MSN vs DNP

Posted
by Julius Seizure Julius Seizure Member Nurse

Specializes in Pediatric Critical Care.

Do you think that with more and more programs becoming DNP programs, that its going to become like the LPN vs RN, or ADN vs BSN, where its tougher to find a job if you are a BSN RN. Do you think that to get hired you will have to agree to get your DNP within 2 years? Is starting a MSN program now still the smart way to go?

Anonymous1257

Anonymous1257

145 Posts

I think it'll be unlikely that companies will start requiring MSN prepared APRNs to go back and get their DNP. A few big reasons I can think of off the top of my head are...

1) a DNP won't be able to bill for a single cent more than an MSN, so there's no financial incentive for businesses

2) there is no data to support that DNPs are safer than MSN APRNs, but there IS lots of data (or so I've been led to believe) supporting efficacy of BSN prepared RNs compared to ADNs, hence the push in that area

3) there are currently no government incentives, like "magnet status," that involve the DNP

llg

llg, PhD, RN

Specializes in Nursing Professional Development. Has 45 years experience. 13,469 Posts

I don't think any major changes are coming soon ... but ... in the long run, the people with more education will be at an advantage for certain types of jobs. That has been the historical trend in a wide variety of careers, not just nursing. To think that nursing will not follow that same common societal path with respect to the DNP is a little disingenuous.

Exactly how it will play out is anybody's guess -- and it will probably vary by geographic region and specialty. So it comes down to the specific conditions of your personal situation. For example:

1. How many career years do you have left?

2. Do you live in a region with lots of DNP programs?

3. Do you live in a region that has historically been "early adopters" of new programs of education, certification, etc.? How has your region handled the whole ADN/BSN issue? Graduate degrees for managers, staff development, etc.? Has your region been quick to increase the educational requirements for other nursing career paths? Or have they been slow?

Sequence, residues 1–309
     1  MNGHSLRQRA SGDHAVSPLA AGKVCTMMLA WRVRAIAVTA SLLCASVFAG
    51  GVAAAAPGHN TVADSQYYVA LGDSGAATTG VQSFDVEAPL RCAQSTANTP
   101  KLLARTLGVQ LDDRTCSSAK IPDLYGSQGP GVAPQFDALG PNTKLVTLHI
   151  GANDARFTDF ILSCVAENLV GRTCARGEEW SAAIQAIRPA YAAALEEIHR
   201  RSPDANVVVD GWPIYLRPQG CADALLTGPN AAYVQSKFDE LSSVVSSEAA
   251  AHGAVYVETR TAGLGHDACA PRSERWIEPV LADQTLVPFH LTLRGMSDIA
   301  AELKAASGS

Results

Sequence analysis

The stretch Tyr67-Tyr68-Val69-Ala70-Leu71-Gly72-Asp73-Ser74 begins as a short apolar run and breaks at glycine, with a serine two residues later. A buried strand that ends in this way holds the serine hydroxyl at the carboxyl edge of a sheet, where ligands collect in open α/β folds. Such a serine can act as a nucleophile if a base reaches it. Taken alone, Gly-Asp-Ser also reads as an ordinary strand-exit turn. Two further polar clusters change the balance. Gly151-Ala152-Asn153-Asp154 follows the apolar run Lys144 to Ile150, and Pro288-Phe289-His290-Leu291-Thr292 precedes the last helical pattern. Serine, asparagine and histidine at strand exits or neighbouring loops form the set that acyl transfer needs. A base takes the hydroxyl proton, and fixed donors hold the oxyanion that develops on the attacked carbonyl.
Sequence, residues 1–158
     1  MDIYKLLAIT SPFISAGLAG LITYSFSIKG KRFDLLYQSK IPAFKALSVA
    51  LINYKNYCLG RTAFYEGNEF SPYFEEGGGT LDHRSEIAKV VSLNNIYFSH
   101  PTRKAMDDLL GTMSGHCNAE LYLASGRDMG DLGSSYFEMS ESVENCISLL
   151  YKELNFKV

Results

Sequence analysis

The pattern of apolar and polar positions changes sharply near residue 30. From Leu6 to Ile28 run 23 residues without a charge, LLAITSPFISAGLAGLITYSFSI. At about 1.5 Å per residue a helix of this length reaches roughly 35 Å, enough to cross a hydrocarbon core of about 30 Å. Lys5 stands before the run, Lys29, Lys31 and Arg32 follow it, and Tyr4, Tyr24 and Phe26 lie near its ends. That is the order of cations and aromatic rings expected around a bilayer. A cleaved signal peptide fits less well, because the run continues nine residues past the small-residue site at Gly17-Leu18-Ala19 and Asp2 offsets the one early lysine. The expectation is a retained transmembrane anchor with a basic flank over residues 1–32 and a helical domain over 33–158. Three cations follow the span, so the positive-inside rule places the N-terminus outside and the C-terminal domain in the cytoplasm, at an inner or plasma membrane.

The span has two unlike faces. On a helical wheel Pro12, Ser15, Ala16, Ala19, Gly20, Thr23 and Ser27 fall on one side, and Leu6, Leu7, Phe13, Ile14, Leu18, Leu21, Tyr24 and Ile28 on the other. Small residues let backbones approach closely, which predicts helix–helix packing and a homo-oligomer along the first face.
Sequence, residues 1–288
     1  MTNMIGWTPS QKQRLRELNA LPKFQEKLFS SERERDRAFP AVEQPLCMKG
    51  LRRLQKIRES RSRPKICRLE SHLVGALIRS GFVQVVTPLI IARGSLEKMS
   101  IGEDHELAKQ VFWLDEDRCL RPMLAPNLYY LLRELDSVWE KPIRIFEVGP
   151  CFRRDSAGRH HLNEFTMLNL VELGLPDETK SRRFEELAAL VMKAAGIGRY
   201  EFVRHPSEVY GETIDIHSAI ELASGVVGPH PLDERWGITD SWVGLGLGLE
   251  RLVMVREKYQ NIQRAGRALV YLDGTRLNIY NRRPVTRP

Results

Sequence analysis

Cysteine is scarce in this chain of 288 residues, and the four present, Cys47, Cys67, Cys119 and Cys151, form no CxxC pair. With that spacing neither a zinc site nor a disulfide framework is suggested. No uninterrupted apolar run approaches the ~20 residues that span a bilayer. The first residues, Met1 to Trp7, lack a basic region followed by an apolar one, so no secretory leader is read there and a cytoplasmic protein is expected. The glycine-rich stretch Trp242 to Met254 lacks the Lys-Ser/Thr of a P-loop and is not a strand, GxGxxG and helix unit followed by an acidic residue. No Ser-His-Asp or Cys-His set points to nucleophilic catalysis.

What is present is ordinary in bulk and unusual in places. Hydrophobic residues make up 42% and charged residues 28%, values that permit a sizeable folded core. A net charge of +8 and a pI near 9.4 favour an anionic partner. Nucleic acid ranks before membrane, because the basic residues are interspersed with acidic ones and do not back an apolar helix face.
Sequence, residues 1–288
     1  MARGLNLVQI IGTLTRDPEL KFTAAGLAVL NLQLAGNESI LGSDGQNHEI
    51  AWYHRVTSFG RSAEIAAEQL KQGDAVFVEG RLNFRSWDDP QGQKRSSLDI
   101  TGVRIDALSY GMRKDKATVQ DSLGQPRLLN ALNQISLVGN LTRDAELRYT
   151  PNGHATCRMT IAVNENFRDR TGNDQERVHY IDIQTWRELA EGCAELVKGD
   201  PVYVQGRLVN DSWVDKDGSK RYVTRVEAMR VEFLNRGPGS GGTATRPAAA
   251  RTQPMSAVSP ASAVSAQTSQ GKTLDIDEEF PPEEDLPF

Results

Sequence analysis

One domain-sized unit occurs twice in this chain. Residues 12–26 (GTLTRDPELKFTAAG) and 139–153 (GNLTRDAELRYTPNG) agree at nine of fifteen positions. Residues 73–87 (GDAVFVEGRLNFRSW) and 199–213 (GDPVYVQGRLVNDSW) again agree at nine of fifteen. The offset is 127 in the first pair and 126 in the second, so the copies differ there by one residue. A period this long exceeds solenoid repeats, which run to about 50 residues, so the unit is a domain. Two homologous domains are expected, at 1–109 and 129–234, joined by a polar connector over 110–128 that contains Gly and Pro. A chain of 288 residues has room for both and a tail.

4. What are your specific career hopes? Do you plan to get a job in a clinic and spend the rest of your career in that one place -- and is that a reasonable plan for your area? Or do you anticipate that you may find yourself in the job market a couple of times in your future career?

5. How likely is it that you will move to another region?

Etc. etc. etc. I believe that at this point, your decision should take your personal situation into account as the major factor -- more so than the national trends. Those national trends will take years to play out and there is likely to be a lot of variation for a significant period of time.

juan de la cruz, MSN, RN, NP

Specializes in APRN, Adult Critical Care, General Cardiology. Has 30 years experience. 9 Articles; 4,338 Posts

The current status of the DNP transition still makes it very reasonable to pursue the Master's degree. Just look at the latest survey results released by AACN (AACN, 2014). I think the meat in this survey is all in table 3.1 of the full text which surveyed 408 APRN program offerings including those that are online in 2014 and summarizes as:

BSN to MSN only programs: 284 (69.6%)